I've read Taubes work on the carbohydrate hypothesis, Guyenet on food reward, and Becker on the Hypothalmic Hypothesis. My background is organic chemistry, not endocrinology or biochemistry, so much of the deep theory is a bit much for me.
Recent work in rats and humans has shown that Roux-en-Y Gastric Bypass rapidly resolves type 2 diabetes much faster than the corresponding drop in weight, proving that it's not caused by solely weight loss.
How does this factor in to how we think about T2D and obesity?
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I think there's something about the incretins -- like GLP-1 -- that play a role in insulin signaling and may mimic insulin. The theory goes something like: more rapid delivery/more "bolus" delivery of nutrients to the ileum restores GLP-1 secretion that is impaired in diabetics.
I had just found a paper where GBP reversed diabetes in a non-obese animal model: http://www.ncbi.nlm.nih.gov/pmc/articles/PMC1356425/
A non-surgical option there would be Byetta or Victoza -- both GLP-1 mimetics. Byetta produces weight loss, especially in the most obese. I would think this would be worth a shot before GBP for sure.
Here are a couple of papers that suggest weight loss surgery is not necessarily the panacea wrt diabetes:
- the HAES files: does bariatric surgery cure diabetes?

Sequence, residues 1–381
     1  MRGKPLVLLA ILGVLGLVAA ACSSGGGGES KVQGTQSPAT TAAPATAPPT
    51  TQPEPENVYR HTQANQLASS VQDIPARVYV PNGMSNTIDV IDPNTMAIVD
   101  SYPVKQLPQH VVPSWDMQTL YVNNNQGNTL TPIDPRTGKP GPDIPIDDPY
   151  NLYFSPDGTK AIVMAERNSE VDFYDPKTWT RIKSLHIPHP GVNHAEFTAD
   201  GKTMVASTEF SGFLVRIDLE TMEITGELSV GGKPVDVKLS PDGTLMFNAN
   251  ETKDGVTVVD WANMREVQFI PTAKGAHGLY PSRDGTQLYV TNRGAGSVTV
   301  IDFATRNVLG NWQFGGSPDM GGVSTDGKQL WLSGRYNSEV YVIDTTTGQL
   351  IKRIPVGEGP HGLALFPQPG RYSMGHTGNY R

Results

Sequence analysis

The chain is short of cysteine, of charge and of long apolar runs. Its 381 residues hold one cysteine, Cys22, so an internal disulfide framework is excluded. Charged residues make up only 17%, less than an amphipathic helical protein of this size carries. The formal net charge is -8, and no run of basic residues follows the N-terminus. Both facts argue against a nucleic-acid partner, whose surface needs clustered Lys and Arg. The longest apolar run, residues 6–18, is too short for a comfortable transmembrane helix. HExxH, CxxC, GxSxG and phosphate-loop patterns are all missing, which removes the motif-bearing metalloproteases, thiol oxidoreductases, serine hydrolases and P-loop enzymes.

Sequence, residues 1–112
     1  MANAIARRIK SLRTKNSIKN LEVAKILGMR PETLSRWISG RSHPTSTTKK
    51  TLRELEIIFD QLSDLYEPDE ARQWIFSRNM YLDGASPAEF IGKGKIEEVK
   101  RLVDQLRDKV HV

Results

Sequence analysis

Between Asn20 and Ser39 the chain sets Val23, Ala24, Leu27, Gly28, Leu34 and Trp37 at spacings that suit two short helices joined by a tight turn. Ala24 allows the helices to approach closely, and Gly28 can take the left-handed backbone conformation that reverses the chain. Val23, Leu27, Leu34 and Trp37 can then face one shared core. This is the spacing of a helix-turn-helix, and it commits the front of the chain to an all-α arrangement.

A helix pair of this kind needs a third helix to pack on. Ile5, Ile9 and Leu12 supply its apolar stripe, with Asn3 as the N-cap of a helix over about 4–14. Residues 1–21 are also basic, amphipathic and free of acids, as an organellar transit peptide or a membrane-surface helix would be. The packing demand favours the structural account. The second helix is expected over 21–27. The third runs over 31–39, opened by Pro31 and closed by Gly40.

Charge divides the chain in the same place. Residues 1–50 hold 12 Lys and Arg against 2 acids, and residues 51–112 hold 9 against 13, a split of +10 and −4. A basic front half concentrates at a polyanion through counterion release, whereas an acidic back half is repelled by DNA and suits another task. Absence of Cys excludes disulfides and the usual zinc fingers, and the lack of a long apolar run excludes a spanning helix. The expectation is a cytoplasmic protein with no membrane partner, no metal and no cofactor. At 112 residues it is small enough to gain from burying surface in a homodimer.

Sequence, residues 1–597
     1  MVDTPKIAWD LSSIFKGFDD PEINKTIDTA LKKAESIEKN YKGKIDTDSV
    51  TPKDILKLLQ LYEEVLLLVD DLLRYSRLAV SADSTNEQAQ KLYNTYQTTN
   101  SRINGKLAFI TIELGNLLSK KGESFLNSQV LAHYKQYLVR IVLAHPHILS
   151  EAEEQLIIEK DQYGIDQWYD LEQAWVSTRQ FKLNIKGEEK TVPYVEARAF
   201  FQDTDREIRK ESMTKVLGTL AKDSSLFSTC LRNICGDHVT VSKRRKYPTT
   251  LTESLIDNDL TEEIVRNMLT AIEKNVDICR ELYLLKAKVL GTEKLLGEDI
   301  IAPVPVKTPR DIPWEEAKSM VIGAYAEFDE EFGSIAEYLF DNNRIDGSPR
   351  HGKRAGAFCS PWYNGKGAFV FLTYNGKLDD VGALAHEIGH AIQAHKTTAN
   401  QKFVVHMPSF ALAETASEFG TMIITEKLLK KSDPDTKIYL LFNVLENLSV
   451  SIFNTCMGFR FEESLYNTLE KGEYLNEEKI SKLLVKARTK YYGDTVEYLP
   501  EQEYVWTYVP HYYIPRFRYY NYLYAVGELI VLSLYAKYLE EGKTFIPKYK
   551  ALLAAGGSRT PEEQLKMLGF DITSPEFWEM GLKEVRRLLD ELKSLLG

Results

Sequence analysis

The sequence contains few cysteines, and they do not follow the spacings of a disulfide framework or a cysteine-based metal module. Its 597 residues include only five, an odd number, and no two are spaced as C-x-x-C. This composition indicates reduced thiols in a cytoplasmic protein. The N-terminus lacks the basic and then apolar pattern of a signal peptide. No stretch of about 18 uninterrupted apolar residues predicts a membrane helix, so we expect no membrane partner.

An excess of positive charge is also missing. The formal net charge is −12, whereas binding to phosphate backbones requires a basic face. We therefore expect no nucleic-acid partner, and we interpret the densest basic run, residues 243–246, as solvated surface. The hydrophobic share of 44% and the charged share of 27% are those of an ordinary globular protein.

- AACE: Bariatric Surgery May Just Mask Diabetes
Roux-en-Y is a pretty drastic surgery. It may or may not resolve obesity and/or diabetes. But it is a good bet to set someone up down the road for critical nutritional deficiencies. It makes me sad that it's something people feel compelled to do.
Based on overall reading, it seems that weight loss--regardless of the foods eaten--will improve health numbers at least temporarily. There are definitely a number of ways to lose, with varying possibilities of sustainability for the longer term.
In my opinion, it's more a question of how the individual will maintain the lowered weight or continue the weight loss without deterioration in health: losing muscle vs. fat, suffering a return of binge eating, etc.
Starvation diets, extreme diets that limit the food list too much risk a kickback reaction at some point or an inability to stick with the plan long enough to achieve your goals.
The above comments pertain mostly to people trying to lose weight. For those already at a good weight but seeking improved or continued good health, the question remains, what are you willing to eat for the rest of your life to maximize your health?